If you have the time, ask students to find images to add to a project photo album for everyone to use. Be sure to remind them about copyright rules and the need to cite the original source.
Pro Tip: you can add a comment to a photo which includes a citation and link to the original source.
Document learning and the development of a project by taking photos at the beginning, middle, and end of the assignment. Use the animation feature of Google Photos to create a time lapse of the project, showing how it evolved and changed over time.
Here's an example of some books that I have read this year.
6. Share with parents
Once you have a collection of classroom photos you can use facial recognition to find all of the photos of an individual student, place them in an album, and send them to their parent to show what they have been doing in class. Sharing pictures is a great positive connection you can make with parents.Note: make sure that you follow your school's policies on taking photos of students. Most schools have a media release that parents sign at the beginning of the school year, giving permission for their student to appear in classroom photos.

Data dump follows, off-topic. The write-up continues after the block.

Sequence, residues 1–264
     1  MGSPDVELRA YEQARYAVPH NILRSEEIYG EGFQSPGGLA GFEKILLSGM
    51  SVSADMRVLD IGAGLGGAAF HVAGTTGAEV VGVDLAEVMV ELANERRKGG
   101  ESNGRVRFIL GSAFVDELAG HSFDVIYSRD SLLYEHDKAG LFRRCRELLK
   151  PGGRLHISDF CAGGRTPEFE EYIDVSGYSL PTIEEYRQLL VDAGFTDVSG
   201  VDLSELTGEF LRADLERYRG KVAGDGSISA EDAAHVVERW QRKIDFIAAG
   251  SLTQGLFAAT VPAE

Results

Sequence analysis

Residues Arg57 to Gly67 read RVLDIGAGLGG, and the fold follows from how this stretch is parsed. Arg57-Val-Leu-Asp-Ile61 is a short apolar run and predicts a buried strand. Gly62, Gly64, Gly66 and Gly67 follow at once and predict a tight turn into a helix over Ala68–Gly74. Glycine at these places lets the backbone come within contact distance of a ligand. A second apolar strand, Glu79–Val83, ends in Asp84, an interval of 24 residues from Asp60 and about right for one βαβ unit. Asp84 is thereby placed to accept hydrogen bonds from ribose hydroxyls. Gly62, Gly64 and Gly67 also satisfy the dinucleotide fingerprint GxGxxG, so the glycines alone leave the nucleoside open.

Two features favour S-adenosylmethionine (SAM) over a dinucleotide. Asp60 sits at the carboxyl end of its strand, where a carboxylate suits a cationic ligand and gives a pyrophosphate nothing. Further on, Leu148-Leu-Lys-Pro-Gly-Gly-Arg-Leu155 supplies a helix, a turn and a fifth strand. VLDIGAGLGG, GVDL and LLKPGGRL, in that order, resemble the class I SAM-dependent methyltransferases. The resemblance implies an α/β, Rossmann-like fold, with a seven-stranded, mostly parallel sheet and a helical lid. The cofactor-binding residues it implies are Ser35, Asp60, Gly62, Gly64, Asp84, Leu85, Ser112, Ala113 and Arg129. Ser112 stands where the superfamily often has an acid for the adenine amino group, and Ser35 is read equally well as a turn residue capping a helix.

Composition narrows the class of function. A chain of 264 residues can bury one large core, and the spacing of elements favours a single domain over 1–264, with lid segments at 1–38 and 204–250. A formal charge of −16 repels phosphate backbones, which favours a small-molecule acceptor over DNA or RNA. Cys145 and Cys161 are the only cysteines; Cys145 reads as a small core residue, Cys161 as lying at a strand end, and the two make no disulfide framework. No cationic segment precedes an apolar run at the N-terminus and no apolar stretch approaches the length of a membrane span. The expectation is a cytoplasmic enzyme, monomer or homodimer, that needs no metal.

cross posted at electriceducator.blogspot.com
John Sowash creates useful resources for educators on his blog, The Electric Educator. John is the author of The Chromebook Classroom and founder of the Google Certification Academy. You can connect with John on Twitter (@jrsowash) and Instagram.